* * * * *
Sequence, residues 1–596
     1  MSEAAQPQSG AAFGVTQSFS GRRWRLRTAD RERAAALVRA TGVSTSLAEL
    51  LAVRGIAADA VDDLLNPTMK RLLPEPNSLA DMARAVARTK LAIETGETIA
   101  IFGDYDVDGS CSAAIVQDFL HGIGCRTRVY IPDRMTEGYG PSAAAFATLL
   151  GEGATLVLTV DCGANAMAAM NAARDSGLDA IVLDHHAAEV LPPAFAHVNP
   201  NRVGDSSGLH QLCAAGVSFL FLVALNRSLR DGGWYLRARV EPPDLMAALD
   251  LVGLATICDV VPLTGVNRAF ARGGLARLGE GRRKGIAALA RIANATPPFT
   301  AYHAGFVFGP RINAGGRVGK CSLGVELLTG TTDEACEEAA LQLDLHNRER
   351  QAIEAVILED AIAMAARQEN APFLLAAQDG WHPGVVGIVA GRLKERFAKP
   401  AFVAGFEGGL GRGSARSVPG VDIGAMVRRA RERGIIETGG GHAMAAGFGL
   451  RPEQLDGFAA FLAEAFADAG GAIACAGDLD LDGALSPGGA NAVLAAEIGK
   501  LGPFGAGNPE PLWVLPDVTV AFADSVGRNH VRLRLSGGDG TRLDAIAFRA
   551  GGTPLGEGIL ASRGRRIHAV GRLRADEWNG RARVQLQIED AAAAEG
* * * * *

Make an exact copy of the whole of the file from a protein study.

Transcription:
Sequence, residues 1–596
     1  MSEAAQPQSG AAFGVTQSFS GRRWRLRTAD RERAAALVRA TGVSTSLAEL
    51  LAVRGIAADA VDDLLNPTMK RLLPEPNSLA DMARAVARTK LAIETGETIA
   101  IFGDYDVDGS CSAAIVQDFL HGIGCRTRVY IPDRMTEGYG PSAAAFATLL
   151  GEGATLVLTV DCGANAMAAM NAARDSGLDA IVLDHHAAEV LPPAFAHVNP
   201  NRVGDSSGLH QLCAAGVSFL FLVALNRSLR DGGWYLRARV EPPDLMAALD
   251  LVGLATICDV VPLTGVNRAF ARGGLARLGE GRRKGIAALA RIANATPPFT
   301  AYHAGFVFGP RINAGGRVGK CSLGVELLTG TTDEACEEAA LQLDLHNRER
   351  QAIEAVILED AIAMAARQEN APFLLAAQDG WHPGVVGIVA GRLKERFAKP
   401  AFVAGFEGGL GRGSARSVPG VDIGAMVRRA RERGIIETGG GHAMAAGFGL
   451  RPEQLDGFAA FLAEAFADAG GAIACAGDLD LDGALSPGGA NAVLAAEIGK
   501  LGPFGAGNPE PLWVLPDVTV AFADSVGRNH VRLRLSGGDG TRLDAIAFRA
   551  GGTPLGEGIL ASRGRRIHAV GRLRADEWNG RARVQLQIED AAAAEG